Category Archives: Textile
Kaffe Fassett has inspired people across the world with his colourful work in fabric, knitting, needlepoint, patchwork, painting and mosaic.
Kaffe Fassett was born in San Francisco in 1937. When he was 19, he won a scholarship to the Museum of Fine Arts School in Boston, but left after three months to paint in London. He settled in England in 1964.
The easiest way to bring life and light into your homes during the finishing touches is to use the right fabric designs. You spend a lot of money on things like wood, glass, marble and paints during the finishing touches, but forget to invest in fabric designs to add real finishing touches to your home.
Launched in 1985, Bennison Fabrics is the brainchild of Gilly Newbury, who once worked as the textiles assistant to the esteemed interior designer and antiques dealer Geoffrey Bennison.
If you like to decorate your accessories – hats, bags, belts, scarfs… – or put a nice detail on your dress or jacket, or make your cushions cute and warm, then crochet flowers are the must to learn.
Standing like immortal gatekeepers at the mouth of Galway Bay are the Aran Islands; three wind-swept and wave-beaten landmasses that rise from the sea in a stirring display of towering cliffs, craggy limestone pillars and crumbling stone walls. The islands themselves bear the marks of over 5,000 years of human activity – ranging from a mighty Iron Age fort to the many religious ruins left by early Christian settlers.
The Royal School of Needlework is unique in the field of hand embroidery and has a wealth of experience and expertise accumulated over more than 130 years.
The early history of the RSN is linked with the social, cultural and political history of Victorian and Edwardian Britain. The RSN began as the School of Art Needlework in 1872 founded by Lady Victoria Welby. The first President was Princess Christian of Schleswig-Holstein, Queen Victoria’s third daughter, known to the RSN as Princess Helena.
One important part of appraising a quilt or any textile is accurate dating. Sometimes there is no doubt of the date, because the maker embriodered it onto the quilt or wrote it somewhereon the back in indelible ink. Sometimes a quilt was so obviously designed for a special occasions – such as the 1933 Century of Progress Exposition in Chicago – that its date can be easily ascertained.
Most of the quilts that are available for collecting were made in the 19th and 20th centuries, although it is possible to find an earlier treasure for sale or maybe even in your own attic. However, unless there is a direct connection to the maker, the dating of quilts is not precise science. It is more like a mixture of detective work and educated guessing.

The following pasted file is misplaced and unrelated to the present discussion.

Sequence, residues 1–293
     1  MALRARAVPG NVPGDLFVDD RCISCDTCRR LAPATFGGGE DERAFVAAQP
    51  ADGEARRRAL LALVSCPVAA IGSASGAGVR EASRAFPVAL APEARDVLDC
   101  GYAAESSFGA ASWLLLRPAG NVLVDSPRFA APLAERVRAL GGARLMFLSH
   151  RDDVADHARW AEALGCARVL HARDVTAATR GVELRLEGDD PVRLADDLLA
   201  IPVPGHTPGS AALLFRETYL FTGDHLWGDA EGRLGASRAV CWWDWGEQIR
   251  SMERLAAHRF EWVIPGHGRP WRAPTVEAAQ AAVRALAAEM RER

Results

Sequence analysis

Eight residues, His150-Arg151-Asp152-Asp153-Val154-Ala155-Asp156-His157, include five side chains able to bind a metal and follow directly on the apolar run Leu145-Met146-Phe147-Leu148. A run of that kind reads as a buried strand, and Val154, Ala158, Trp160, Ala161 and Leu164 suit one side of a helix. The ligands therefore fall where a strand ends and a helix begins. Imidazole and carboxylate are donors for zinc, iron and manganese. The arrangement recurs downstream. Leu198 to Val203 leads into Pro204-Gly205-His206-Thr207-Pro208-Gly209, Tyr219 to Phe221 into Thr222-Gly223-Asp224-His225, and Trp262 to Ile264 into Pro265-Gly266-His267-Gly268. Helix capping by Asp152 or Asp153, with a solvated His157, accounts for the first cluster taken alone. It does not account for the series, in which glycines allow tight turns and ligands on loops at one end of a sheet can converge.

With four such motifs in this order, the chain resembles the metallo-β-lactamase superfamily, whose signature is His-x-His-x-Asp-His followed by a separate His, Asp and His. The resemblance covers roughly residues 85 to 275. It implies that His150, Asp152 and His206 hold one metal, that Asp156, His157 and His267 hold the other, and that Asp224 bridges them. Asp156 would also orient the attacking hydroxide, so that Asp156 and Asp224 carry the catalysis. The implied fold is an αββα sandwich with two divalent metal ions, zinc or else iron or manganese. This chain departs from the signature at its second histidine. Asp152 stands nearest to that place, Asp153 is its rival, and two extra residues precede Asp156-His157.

Many people are unaware of the rich heritage behind the shawl.This piece of clothing or understand what is the shawl. Shawls have been used worldwide and in different cultures with different purposes, from decorations for religious purposes.
People in modern times been used for decades as the shawl both fashionable and functional for several purposes. The shawl and again the waves on the fashion industry as a costume accessory and elegant or stylish dresses. Besides this, there was always shawls features because they can be used to cover the head, neck and face as a protection against the elements or a heat source.
Batik is a resist method of patterning cloth. The principle of all resist techniques is that a “resist” substance, such as wax or starch paste, is applied to the surface of the cloth to prevent the dye from penetrating to those areas when the fabric is placed in the dyebath. Therefore, when the waxed cloth is removed from the dyebath the areas that have been coated with wax retain their original colour, while the unwaxed areas take on a new hue.
Some theories suggest that batik originated in China between 474BC and 221BC and that the art then spread eastward to Japan. Today, batik is practised in many parts of the world, including India, Africa, South-East Asia and Europe. However, one island, Java, is at the heart of batik design. Javanese batiks have come to be regarded as among the most beautiful and sought-after pieces in the world.
Molas are the colorful, multi-layered appliqué panels of blouses worn by Kuna women of Panama. The Kuna live in a region called Kuna Yala, which means “Kuna Land.” This area, more formally known as the San Blas Archipelago, lies off the eastern coast of Panama. Molas developed after Spanish colonization, in particular within the past 100 years when cotton yard cloth became commonly available to the Kuna. The intricately designed and sewn molas are attached to the front and/or back of women’s blouses and are considered a major form of artistic expression and ethnic identity.